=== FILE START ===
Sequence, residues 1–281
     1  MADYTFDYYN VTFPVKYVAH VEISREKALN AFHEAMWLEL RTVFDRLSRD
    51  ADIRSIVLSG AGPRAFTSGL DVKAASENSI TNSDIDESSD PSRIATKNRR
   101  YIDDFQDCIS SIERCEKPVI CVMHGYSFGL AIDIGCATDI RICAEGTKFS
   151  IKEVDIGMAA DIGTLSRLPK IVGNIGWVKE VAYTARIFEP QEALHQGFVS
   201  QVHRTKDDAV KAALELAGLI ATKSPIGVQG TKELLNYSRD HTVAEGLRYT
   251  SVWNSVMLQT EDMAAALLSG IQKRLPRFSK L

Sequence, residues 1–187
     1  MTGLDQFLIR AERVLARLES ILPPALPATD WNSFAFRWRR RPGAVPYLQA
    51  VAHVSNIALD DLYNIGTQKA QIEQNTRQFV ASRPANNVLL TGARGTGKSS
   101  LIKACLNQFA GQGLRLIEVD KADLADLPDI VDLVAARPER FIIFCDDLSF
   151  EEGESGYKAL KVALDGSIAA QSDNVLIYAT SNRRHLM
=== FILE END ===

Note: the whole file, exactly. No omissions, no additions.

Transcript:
Sequence, residues 1–281
     1  MADYTFDYYN VTFPVKYVAH VEISREKALN AFHEAMWLEL RTVFDRLSRD
    51  ADIRSIVLSG AGPRAFTSGL DVKAASENSI TNSDIDESSD PSRIATKNRR
   101  YIDDFQDCIS SIERCEKPVI CVMHGYSFGL AIDIGCATDI RICAEGTKFS
   151  IKEVDIGMAA DIGTLSRLPK IVGNIGWVKE VAYTARIFEP QEALHQGFVS
   201  QVHRTKDDAV KAALELAGLI ATKSPIGVQG TKELLNYSRD HTVAEGLRYT
   251  SVWNSVMLQT EDMAAALLSG IQKRLPRFSK L

Sequence, residues 1–187
     1  MTGLDQFLIR AERVLARLES ILPPALPATD WNSFAFRWRR RPGAVPYLQA
    51  VAHVSNIALD DLYNIGTQKA QIEQNTRQFV ASRPANNVLL TGARGTGKSS
   101  LIKACLNQFA GQGLRLIEVD KADLADLPDI VDLVAARPER FIIFCDDLSF
   151  EEGESGYKAL KVALDGSIAA QSDNVLIYAT SNRRHLM